If RJ is really JR then you do suck!

  • MCH

    “Honor the Fallen”

    “Army Sgt. 1st Class Henry A. Bacon, 45, of Wagram, N.C.; Assigned to Headquarters Troop, 1st Squadron, 10th Armored Cavalry Regiment, 4th Aviation Brigade, 4th Infantry Division, Ft. Hood, TX; Killed Feb. 20, ’04, when he was struck by a recovery vehicle while he was assisting a disabled vehicle in Dujahl, Iraq.”

    In spite of advancing age and other priorities, the 45-year old Bacon – whose family was comprised of his wife, Ethel; a daughter, Tabitha Bonilla; and a 17-year old son, Keith – delayed his retirement so he could serve in Iraq.

    When Sgt. “Butch” Bacon’s father tried to talk him out of volunteering for Iraq, the 21-year veteran told Robert Bacon, “Dad, I went into the service to fight for my country.”

    http://www.militarycity.com/valor/257059.html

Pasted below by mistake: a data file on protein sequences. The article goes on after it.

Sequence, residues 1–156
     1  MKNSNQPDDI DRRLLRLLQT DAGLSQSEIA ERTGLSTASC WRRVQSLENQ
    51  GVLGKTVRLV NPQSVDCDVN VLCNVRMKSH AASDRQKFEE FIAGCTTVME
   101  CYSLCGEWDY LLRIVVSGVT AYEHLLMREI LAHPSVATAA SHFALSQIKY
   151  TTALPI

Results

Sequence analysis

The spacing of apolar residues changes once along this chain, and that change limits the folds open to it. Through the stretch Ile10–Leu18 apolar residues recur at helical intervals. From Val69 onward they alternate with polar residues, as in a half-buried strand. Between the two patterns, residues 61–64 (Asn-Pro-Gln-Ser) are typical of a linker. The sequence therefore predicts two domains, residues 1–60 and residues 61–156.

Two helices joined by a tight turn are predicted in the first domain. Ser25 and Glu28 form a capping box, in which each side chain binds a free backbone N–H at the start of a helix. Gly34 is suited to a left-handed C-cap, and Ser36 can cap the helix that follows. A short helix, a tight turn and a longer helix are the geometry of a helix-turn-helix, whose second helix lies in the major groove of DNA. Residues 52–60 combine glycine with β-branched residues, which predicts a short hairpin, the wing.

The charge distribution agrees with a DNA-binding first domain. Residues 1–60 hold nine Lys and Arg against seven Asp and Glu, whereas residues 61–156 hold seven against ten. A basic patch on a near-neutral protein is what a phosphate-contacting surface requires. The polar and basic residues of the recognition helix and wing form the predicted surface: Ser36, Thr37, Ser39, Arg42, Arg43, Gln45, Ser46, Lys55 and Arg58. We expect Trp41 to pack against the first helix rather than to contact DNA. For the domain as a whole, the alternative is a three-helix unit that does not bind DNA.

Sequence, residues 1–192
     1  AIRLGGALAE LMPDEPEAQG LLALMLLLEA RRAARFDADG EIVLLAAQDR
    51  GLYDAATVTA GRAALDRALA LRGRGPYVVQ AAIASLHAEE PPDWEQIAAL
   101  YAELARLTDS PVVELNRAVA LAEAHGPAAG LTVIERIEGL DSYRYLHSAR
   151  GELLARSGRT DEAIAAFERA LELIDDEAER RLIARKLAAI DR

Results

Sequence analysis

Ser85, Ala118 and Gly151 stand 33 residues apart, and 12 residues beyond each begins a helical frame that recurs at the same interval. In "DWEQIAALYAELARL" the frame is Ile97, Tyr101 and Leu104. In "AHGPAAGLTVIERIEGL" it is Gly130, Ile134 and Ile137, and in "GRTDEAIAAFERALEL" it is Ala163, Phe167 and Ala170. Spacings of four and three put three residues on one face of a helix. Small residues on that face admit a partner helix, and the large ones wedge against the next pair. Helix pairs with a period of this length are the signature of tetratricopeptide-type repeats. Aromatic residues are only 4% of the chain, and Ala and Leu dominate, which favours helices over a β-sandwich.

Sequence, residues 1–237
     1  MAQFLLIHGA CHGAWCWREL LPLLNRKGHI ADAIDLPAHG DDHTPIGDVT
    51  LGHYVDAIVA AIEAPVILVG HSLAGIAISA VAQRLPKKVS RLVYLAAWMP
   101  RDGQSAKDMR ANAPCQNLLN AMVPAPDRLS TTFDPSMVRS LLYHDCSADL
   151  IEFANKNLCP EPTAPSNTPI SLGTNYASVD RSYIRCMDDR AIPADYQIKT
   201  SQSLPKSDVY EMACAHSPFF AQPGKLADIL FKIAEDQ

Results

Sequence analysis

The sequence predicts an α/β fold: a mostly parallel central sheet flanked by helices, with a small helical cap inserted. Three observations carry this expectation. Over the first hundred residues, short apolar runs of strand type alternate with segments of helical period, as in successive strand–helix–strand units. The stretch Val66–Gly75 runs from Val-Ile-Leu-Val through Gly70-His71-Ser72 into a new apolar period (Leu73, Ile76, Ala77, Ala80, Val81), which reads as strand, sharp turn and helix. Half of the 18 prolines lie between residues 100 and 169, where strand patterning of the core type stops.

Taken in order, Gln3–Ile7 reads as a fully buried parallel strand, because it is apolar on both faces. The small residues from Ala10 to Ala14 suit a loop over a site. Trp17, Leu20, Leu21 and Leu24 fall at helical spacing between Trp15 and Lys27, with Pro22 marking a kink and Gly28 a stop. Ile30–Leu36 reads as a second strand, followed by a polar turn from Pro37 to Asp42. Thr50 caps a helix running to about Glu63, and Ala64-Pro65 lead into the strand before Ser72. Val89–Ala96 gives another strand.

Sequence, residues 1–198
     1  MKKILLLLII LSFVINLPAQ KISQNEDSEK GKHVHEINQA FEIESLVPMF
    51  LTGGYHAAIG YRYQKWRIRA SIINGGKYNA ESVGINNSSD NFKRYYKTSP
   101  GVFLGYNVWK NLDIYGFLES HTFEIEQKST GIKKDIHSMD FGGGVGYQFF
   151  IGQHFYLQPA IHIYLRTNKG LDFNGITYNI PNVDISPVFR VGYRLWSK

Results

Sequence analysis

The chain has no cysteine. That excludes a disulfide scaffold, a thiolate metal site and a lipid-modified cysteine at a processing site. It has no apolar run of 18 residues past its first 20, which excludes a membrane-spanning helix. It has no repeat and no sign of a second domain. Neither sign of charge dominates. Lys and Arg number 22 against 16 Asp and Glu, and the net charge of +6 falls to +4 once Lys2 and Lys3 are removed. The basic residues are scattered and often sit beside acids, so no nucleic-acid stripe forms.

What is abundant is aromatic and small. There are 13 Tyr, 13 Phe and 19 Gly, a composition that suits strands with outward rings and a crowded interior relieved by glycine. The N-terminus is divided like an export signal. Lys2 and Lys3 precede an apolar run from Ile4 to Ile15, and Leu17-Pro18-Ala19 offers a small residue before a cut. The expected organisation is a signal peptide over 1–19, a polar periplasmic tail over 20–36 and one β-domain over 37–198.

http://www.fallenheroesmemorial.com/oif/profiles/baconhenrya.html

    – MCH, Vietnam era vet

  • Duraegeru McCrary

    I can’t say if it was a smart move or not. Yes, I say strike if we are under threat by another… yet from what I see now we obviously were not in danger of getting attacked, other than the man hated the U.S..
    But what did Bush hear? What was he seeing that I did not…
    Therefor it is impossible for me to say what was the right action.
    Maybe he had very good reason to attack Iraq, though I don’t believe he did…
    But even so, in the end it proved to be a mistake, for we were not in danger from that country and I believe that attacking without being attacked or under positive threat of it is only going to cause real danger to us… after all, that IS Ladens reason for attacking us in the first place. Proving what I just said correct from when I said it 6 years ago.